Motorhomes could soon be unaffordable if the government presses ahead with its plan to bring forward the ban on the sale of new diesel and petrol vehicles to 2030, the National Caravan Council is warning.
The plan to move such a date forward by ten years was confirmed in the government’s Ten Point Plan for a Green Industrial Revolution, released this week.
The NCC says developing an all-electric engine capable of powering a motorhome weighing over 3,500kg before 2030 is a huge challenge. It warns that sticking with such a plan would encourage motorcaravanners to keep hold of older, less efficient vehicles, or even to give up motorcaravanning in favour of flying long haul or cruising – with the resulting rise in emissions and loss to the UK tourism industry.
The news of the confirmed plan comes just a few days after the NCC was celebrating after the government scrapped plans to introduce a new graduated vehicle excise duty system next April that would potentially have greatly increased taxes on motorhomes.
Daniel Lopez-Ferreiro, managing director of Sussex Campervans, which earlier this year brought out the first all-electric campervan, based on a Nissan e-NV200, said that while sales of pop-top campervans like his own are going very well, making the change would be a challenge, especially for larger coachbuilts.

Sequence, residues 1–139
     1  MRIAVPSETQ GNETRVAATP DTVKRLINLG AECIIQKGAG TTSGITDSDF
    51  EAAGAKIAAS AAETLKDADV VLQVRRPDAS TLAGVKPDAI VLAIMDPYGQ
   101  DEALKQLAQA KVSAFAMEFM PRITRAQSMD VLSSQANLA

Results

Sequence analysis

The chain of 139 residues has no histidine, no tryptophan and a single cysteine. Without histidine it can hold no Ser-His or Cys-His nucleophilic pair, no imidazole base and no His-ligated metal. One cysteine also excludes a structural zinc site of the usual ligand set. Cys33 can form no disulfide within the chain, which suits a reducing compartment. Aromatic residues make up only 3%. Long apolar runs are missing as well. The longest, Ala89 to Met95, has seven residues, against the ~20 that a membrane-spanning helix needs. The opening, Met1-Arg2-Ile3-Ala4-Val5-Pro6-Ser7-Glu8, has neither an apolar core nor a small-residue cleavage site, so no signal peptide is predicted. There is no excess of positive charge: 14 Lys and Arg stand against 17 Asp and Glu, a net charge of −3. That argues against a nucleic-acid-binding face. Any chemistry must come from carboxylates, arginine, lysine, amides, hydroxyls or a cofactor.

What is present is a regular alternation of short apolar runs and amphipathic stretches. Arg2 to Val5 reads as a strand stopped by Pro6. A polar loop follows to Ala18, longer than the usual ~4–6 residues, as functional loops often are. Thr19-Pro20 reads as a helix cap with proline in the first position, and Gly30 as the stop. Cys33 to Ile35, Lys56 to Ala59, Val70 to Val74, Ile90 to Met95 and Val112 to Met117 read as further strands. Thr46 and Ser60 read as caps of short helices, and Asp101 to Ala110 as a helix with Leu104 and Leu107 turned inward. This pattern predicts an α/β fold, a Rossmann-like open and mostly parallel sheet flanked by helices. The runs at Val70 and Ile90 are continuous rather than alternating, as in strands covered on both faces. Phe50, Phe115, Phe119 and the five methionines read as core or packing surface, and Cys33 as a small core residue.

He thought the government would be wiser to offer a special derogation for motorhomes to give them another 10 years to make the change. “They have already given derogation in other areas such as type approval,” he said.
He said base vehicle manufacturers he said have been slow off the mark in moving to electric. “The big issue is payload – once you have heavy batteries on board there is not a lot of room left for a motorhome,” he said.
However a spokesperson for the Electric Vehicle Association England said base vehicle manufacturers would very likely speed up the development of electric vans now. She said, “Ford Transit and the PSA trio already have significant 50-75kWh battery packs. They will provide the OEM basis for motorhome manufacturers to build on.”
A spokesperson for the Electric Vehicle Association England said base vehicle manufacturers would very likely speed up the development of electric vans now